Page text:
Post-colonial Marines - Gearbox talks Alien sequels, angry fans and next gen disruption

Cinematic director Brian Thomas on all things off-world

Nerve-crawling as it was following Hudson, Ripley and the rest of the Aliens cast into the belly of an Alien hive, the wait for Gearbox's hyper-nerdy adaptation Aliens: Colonial Marines has been worse. The game has been in development since December 2006 - it'll finally see release on 12th February - and has weathered almost as much dubiety as its eventual stablemate, Duke Nukem Forever.

What we've seen of preview builds suggests that the game will be a film buff's paradise, stacked with memorabilia, but not, alas, a shooter worthy of Call of Duty's throne. Having tried out the single and multiplayer, I approached cinematic director Brian Thomas for his thoughts on where Aliens goes next, understanding the needs of fans, and how the industry will change once next generation consoles arrive.


Having got shot of Colonial Marines, do you think there's much give left in the Aliens universe - much potential for additional games or experiences?

I think it's actually bigger than a lot of people give credit for. If you look at the canon of the movies, if you look at where Alien was versus Aliens versus Alien 3 versus Alien: Resurrection, they all share a common genealogy but go off in different directions. If you look at the expanded universe, including the comic books and those sorts of things, they go off in even farther directions - water planets, sky planets and xenomorphs of all shapes and sizes.

So I think it's actually a broader universe than a lot of people pin it down to - and usually people want to pin it down to 'there's a xenomorph running at me, I should hide or kill it'. Hopefully there's going to be lots more stories. I think we've picked an interesting bit for ours, and I hope other people are going to continue to make more stories with this universe in the future.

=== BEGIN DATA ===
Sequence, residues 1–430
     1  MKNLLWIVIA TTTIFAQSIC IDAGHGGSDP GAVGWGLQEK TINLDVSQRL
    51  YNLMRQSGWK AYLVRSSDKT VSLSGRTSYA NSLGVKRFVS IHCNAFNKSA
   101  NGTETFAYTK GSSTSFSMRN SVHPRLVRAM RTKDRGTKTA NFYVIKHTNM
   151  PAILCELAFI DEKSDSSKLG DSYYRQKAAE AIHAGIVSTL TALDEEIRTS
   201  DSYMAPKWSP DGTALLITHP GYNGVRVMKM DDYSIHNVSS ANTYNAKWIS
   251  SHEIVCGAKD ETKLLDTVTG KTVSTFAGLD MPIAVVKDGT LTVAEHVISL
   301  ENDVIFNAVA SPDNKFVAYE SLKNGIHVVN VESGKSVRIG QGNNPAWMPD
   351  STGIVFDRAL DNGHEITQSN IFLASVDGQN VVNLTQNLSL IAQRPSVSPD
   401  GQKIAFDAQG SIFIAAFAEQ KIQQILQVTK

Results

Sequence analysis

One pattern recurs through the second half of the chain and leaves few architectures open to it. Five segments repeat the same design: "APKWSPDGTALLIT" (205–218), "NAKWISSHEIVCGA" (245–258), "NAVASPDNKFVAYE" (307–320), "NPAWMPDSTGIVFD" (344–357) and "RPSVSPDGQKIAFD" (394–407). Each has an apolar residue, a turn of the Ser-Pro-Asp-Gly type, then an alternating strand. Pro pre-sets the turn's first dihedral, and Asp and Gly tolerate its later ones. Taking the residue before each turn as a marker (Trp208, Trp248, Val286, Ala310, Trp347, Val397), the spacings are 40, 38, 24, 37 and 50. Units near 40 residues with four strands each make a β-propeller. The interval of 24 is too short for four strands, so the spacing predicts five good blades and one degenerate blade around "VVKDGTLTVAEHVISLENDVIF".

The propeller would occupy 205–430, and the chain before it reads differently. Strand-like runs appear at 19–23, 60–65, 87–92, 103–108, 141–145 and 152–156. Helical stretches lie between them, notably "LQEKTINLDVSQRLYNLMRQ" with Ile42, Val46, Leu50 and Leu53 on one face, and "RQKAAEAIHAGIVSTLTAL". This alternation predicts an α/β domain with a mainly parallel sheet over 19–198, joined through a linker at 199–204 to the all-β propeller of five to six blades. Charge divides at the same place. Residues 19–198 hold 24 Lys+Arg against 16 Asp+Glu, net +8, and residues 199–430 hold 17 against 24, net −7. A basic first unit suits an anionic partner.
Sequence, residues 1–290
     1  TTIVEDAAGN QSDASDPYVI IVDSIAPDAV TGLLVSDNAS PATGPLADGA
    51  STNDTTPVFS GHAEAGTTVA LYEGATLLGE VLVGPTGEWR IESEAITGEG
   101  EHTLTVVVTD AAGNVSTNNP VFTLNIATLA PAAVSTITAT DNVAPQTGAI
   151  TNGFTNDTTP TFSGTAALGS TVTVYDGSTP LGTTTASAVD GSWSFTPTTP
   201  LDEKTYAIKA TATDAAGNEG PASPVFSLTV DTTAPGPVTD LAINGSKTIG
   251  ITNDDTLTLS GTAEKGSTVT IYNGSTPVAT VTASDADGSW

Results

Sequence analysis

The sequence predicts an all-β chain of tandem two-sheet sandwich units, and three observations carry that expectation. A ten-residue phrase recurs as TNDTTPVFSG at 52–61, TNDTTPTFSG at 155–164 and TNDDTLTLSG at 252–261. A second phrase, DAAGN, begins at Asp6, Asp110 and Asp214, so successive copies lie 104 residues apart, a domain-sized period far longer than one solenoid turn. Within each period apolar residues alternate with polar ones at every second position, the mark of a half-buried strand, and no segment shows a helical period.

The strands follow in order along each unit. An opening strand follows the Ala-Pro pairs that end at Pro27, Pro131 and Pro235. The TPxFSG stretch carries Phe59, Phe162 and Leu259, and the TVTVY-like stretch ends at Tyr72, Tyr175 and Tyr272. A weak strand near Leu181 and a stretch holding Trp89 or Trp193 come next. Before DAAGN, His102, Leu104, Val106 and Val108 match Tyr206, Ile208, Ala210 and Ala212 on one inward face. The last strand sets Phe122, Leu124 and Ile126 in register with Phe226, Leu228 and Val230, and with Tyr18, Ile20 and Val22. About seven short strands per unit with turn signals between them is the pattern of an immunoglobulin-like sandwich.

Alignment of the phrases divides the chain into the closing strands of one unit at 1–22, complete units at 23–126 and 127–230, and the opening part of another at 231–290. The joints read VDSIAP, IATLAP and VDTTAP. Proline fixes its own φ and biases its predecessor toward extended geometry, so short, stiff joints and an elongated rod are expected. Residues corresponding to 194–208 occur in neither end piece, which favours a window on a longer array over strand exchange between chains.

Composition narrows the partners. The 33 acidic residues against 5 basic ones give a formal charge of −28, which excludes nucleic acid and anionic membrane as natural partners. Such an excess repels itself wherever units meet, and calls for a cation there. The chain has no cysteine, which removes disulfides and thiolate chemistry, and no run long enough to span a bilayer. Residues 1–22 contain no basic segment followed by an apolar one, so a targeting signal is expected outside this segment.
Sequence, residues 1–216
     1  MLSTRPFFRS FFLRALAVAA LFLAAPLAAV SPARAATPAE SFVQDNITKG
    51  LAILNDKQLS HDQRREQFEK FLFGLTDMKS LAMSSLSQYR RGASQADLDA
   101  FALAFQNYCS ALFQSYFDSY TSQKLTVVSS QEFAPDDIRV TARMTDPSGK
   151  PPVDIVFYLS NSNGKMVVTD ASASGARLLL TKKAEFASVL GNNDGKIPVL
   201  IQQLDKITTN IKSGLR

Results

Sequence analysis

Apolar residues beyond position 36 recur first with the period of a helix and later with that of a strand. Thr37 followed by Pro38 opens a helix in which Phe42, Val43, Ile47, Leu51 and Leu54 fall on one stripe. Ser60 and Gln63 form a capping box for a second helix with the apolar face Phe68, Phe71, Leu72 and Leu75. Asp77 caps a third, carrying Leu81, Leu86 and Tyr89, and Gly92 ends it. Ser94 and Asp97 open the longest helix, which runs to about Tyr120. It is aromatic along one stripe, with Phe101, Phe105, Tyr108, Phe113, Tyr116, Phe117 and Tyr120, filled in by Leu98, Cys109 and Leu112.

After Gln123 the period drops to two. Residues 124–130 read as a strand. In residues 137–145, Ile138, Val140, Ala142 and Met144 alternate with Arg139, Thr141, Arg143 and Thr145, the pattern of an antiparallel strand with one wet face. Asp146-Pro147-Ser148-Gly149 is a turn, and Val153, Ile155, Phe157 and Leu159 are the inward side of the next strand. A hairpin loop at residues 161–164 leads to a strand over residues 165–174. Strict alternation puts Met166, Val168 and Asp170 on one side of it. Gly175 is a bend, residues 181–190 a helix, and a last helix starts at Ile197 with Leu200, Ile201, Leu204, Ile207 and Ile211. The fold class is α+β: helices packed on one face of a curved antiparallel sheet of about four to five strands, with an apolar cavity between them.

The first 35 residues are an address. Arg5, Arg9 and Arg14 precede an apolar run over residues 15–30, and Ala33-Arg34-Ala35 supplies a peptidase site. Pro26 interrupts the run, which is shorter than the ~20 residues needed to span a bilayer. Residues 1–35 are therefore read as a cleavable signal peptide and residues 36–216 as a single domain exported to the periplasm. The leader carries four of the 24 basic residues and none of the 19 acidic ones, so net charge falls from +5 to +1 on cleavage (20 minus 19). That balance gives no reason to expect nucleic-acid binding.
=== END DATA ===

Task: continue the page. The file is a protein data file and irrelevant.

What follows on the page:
Were there any alternative premises you considered before pushing ahead with Colonial Marines?

It's hard to sort of define that because we've been spinning ideas in our heads for a while! We began by looking at the end of Aliens - we've got them getting off the planet, we've got that atmospheric processor going off... where can we pick up that thread? What are the repercussions of that?

That's sort of where we come in, because as storytellers it's always fun to figure out where someone else left some dangling threads in their story. That's another cool thing about this universe: all the stories do that, they always leave a few dangling threads for somebody else to pick up. So we've run with a few of those, and created our own fiction from that, and left a few dangling threads of our own for other people to hopefully pick up one day, and expand the universe even further.


How important was it to establish new characters within the fiction? You've brought back a few of the old cast as multiplayer DLC.

Lance Henrikson actually reprises his role as Bishop - Bishop exists as an android in this universe, and he's not the only Bishop. So he reprises his role and was gracious enough to come back and provide his voice and his knowledge of the universe for this game. Definitely, for fans of the series everybody's going to find pieces of the universe we've brought back and really tried to embed in the game.

There's going to be lots of hidden surprises that people weren't going to be necessarily expecting, but for those diehards that do understand all that stuff, they're going to get a real kick out of not just what we're bringing to it but what we're able to bring back. Not all stories are as cut and dry as people think they are.

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